I have a client that is a great repeat customer. I deal primarily with two different people from this organization. They are interesting in that they are very different. One will promise and promise and then put things off, be slow to respond, and generally be undependable concerning information and timing. When problems arise they are very apologetic and then promise to do what is necessary to correct the situation.
The other is very nice and always follows up and follows through. This person doesn’t make promises, but just does what is expected and then some.
Both are nice and I enjoy working with each of them. But over time I have come to have a level of expectations based on prior experience. Those expectations help me to handle situations when they arise without being surprised, disappointed or overwhelmed. I know what to expect no matter which calls and initiates a program.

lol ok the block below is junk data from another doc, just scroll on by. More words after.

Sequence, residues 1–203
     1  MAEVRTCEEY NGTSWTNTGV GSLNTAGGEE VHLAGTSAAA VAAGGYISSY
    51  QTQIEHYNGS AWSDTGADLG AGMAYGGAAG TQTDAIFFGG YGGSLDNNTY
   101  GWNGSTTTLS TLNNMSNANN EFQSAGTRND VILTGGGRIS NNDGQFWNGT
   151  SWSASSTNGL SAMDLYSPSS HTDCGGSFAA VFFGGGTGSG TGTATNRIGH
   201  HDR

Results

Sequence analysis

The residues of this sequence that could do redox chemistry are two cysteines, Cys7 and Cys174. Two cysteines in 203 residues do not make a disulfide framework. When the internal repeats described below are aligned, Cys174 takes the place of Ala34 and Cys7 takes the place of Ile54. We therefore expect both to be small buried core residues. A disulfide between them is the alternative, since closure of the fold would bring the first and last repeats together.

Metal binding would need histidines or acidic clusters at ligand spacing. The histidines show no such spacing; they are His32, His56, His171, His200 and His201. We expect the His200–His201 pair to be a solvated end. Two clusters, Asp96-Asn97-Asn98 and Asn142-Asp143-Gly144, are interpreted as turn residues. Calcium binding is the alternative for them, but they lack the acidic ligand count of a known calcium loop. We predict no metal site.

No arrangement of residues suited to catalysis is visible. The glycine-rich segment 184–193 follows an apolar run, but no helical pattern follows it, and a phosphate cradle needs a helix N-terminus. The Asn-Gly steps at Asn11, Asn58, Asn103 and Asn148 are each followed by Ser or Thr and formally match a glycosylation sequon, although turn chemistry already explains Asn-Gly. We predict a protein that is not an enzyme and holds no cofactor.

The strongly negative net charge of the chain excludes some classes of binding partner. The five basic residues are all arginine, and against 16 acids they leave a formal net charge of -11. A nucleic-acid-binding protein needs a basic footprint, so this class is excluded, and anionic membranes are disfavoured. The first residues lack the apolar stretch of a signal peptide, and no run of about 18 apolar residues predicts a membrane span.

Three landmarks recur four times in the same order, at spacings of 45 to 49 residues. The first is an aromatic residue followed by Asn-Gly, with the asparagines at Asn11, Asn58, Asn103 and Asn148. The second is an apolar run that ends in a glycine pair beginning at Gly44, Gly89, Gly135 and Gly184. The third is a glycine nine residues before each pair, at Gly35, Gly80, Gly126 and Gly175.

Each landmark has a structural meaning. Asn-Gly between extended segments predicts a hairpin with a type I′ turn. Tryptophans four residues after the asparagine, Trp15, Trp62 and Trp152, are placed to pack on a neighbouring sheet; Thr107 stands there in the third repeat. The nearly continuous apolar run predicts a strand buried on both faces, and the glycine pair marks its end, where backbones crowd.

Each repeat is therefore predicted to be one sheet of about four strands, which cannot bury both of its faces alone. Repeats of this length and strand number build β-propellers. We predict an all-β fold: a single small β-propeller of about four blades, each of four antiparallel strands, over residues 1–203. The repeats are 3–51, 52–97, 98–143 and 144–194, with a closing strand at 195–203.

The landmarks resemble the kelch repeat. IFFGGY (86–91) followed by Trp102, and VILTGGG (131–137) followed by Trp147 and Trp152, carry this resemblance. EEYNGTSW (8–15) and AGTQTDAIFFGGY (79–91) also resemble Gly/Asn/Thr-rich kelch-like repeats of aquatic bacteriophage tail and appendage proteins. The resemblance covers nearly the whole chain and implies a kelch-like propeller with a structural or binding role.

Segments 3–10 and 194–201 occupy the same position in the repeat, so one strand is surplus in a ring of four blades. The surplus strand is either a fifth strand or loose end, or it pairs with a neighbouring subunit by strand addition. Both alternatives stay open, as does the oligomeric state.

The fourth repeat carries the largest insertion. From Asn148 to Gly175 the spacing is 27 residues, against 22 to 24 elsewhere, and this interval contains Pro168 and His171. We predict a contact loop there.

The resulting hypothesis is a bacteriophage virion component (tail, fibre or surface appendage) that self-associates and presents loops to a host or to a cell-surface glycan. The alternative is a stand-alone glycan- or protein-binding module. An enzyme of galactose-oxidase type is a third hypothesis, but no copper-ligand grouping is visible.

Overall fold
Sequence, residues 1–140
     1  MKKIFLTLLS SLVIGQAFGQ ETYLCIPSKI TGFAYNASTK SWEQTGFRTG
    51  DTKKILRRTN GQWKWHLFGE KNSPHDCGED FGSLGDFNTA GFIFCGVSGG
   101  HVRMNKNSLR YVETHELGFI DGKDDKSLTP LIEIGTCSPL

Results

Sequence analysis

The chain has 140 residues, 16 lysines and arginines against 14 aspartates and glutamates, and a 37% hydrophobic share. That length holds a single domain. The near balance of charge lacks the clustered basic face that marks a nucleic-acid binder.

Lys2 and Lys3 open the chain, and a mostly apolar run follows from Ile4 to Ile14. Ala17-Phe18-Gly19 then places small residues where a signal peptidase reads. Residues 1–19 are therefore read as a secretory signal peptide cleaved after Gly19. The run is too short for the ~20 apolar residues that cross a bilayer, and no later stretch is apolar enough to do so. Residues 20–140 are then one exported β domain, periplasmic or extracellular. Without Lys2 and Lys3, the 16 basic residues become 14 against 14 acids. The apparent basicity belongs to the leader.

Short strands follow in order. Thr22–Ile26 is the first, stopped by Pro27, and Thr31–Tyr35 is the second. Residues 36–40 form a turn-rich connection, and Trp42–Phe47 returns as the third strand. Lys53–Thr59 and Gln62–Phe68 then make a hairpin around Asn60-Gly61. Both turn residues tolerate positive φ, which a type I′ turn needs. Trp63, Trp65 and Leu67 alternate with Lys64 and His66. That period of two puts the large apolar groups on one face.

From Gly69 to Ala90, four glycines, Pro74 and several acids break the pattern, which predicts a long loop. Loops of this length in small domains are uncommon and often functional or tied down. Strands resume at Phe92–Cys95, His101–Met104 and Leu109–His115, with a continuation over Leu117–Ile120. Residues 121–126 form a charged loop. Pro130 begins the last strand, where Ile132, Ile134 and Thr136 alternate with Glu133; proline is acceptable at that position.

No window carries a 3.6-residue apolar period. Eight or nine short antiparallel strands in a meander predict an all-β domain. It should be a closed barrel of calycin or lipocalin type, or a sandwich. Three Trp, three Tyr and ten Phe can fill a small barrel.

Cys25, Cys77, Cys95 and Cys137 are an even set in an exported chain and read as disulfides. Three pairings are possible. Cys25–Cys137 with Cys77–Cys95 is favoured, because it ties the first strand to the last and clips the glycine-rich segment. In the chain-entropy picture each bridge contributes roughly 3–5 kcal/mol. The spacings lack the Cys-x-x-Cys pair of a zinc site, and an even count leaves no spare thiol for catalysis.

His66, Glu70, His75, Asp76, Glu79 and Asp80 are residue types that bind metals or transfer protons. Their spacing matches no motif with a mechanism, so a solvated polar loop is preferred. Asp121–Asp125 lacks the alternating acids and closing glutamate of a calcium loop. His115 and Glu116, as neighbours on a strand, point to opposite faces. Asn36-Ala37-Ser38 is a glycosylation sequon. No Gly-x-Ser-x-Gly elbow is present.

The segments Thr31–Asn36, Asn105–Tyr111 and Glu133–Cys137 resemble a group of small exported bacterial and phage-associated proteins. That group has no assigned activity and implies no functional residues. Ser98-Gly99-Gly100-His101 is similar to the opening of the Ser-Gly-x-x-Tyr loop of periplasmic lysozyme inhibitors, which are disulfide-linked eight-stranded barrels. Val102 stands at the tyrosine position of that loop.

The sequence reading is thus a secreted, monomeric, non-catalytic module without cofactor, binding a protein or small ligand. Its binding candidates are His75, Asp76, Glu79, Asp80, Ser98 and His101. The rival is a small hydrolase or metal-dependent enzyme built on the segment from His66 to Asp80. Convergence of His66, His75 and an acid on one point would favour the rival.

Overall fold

You may be thinking that I would say one is a better leader than the other, but that’s not my point. But rather part of leadership is managing expectations. The one person is much easier to work with and takes less time and effort. But knowing how they each work helps me manage my stress when issues arise with the second.
Certainly expectations can cause problems if handled incorrectly, or if they color one’s ability to engage. But learning to manage expectations gives leads a definite advantage in dealing with people is a genuine, sincere manner. Managing expectation is a key to self-leadership.
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